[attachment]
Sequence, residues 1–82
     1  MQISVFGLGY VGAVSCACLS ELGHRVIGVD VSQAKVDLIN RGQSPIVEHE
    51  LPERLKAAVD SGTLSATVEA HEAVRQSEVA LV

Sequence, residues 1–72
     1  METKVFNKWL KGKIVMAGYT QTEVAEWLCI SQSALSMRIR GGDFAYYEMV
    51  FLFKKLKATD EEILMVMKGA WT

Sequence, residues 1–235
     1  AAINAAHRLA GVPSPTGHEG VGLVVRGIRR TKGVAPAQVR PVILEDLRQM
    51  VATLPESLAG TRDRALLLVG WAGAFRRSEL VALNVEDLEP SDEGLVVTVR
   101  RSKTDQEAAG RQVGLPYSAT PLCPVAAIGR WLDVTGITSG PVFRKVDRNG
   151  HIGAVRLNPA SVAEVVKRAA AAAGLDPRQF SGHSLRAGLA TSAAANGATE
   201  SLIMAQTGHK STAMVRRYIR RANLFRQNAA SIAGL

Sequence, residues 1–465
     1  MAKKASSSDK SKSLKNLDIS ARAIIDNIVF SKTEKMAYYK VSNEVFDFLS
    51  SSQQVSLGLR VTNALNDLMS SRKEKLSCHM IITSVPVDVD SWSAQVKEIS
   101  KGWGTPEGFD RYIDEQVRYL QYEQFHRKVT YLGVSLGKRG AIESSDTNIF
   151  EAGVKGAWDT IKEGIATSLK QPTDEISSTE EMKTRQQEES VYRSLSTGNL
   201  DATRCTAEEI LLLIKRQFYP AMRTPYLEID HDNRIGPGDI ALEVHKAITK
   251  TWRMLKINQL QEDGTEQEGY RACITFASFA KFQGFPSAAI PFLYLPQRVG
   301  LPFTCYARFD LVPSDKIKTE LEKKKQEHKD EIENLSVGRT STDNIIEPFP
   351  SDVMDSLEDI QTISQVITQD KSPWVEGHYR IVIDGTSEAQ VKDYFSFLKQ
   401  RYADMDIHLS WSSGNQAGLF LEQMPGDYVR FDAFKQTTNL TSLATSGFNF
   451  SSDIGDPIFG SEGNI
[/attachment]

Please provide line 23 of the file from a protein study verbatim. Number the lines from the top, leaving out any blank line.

   451  SSDIGDPIFG SEGNI